Speedy Sam Swart a Factor in U.S. Transition Game


SPARKS, Md. — In the brutal heat at the U.S. women’s national team training camp Wednesday morning, Sam Swart held the ball to set up a play for the offense.

“Rocket!” she yelled.

It’s a fitting play call for someone who’s a human rocket herself. 

As the U.S. team starts to install systems in preparation for the 2022 World Lacrosse Women’s World Championship, Swart’s speed has become her signature. Already a mainstay at Syracuse, Swart is embarking on her first camp with the U.S. after being selected for the 36-member player pool earlier this month.  

Swart, who was named second-team All-ACC after the 2021 season, said that being a newcomer to the U.S. team hasn’t been without its challenges. But she also has decided to use it as an opportunity to grow as a player. 

“It’s showing me what I need to work on,” said Swart, a senior midfielder who will return to Syracuse for a fifth year in 2022. “In college, we’re always getting better. But here, it’s really showed me my flaws. After the tryouts, I went home and fixed some of the things I thought I needed to be better with. I brought that with me this week and I feel like I’ve definitely accomplished a lot.” 

Using her speed to her advantage, Swart said she’s been focusing on growing accustomed to how the U.S. team uses the midfield to rapidly transition the ball. 

“Here at USA, it’s all about the middies,” she said. “Your job is to push the ball, push the ball, push the ball.” 

Training with Team USA has another unique advantage for Swart, as she is getting the chance to play alongside her newly named Syracuse coach Kayla Treanor, who took the reins of the Orange program last week. 

“It’s so cool,” Swart said, grinning ear to ear. “I gave her a stick tap and was like, ‘You’re literally my coach. This is crazy.’” 

Swart said she grew up idolizing Treanor at Syracuse lacrosse camps where she was a camper and Treanor was a counselor. Now all these years later, Swart said she can’t wait to see the new creativity and passion Treanor brings home to the Orange. 

“Playing at [Syracuse], she knows the culture, she knows the history and she’s going to bring a lot of creativity,” Swart said. “I’m really excited to see what she does with our offense. I’ll really learn a lot.”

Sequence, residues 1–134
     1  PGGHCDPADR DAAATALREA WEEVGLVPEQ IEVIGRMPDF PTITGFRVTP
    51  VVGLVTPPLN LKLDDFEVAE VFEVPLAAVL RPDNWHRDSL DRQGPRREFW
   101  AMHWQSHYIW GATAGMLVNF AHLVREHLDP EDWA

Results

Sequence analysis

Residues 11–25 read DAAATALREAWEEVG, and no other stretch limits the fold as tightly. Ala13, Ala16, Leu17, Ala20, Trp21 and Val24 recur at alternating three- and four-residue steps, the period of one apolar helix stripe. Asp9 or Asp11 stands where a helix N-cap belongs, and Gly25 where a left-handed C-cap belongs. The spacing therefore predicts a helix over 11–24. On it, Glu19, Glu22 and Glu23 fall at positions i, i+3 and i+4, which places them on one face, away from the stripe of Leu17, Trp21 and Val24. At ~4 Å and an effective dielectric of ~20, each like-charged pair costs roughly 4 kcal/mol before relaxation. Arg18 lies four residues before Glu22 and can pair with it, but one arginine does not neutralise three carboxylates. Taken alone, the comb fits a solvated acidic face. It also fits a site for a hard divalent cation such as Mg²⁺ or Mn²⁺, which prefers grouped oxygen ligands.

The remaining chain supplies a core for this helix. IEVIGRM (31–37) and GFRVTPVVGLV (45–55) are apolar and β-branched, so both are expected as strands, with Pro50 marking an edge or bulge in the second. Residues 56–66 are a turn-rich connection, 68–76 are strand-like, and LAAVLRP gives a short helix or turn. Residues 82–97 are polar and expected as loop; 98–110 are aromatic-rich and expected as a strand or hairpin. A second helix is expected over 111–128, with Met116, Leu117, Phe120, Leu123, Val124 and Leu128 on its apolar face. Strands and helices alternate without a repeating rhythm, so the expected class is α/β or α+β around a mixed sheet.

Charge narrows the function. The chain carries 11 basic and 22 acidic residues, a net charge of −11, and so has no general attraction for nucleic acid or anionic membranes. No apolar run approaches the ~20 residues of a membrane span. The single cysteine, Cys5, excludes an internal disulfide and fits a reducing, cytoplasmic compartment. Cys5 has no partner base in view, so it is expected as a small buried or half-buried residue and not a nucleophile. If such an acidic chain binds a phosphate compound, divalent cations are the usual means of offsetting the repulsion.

Rayna Sabella is another U.S. team newcomer soaking it all in. 

Sabella, a senior defender who will return to Stony Brook in 2022 for her fifth year, is training with Team USA for the first time. Even compared to tryouts earlier this month, she said, the competition and work ethic have intensified. 

“We’re moving at a very fast pace,” Sabella said. “We’re really getting ready to go to the world games next summer.” 

The America East Co-Defensive Player of the Year, Sabella is no stranger to guarding tough opponents and locking them down. However, she said competing against players of the caliber of Treanor or Kylie Ohlmiller is a real test. 

“It definitely is intimidating,” she said. “But to come out here and compete, you almost can’t be intimidated.” 

Sabella credits U.S. assistant coach Joe Spallina, who is also her head coach at Stony Brook, with helping her prepare mentally for this experience. 

“When he called me and told me I was even coming here I was speechless,” she said. 

Spallina has guided Sabella throughout her time so far with the U.S. team, reminding her to stick to her game and come out firing. 

“He told me to just go and be myself,” she said. “Work my butt off and play like I was meant to be here.” 

During Wednesday morning’s session, Spallina commanded from the sideline, at times animated and at times serious, but always dialed in. His high-intensity style is something Sabella said helps bring out the best in any team. 

“He’s a great coach but he also can be a tough coach,” she said. “I love that, and I love that he’s here. His coaching style really gets teams amped up and gets them to play the best way that they can play.”

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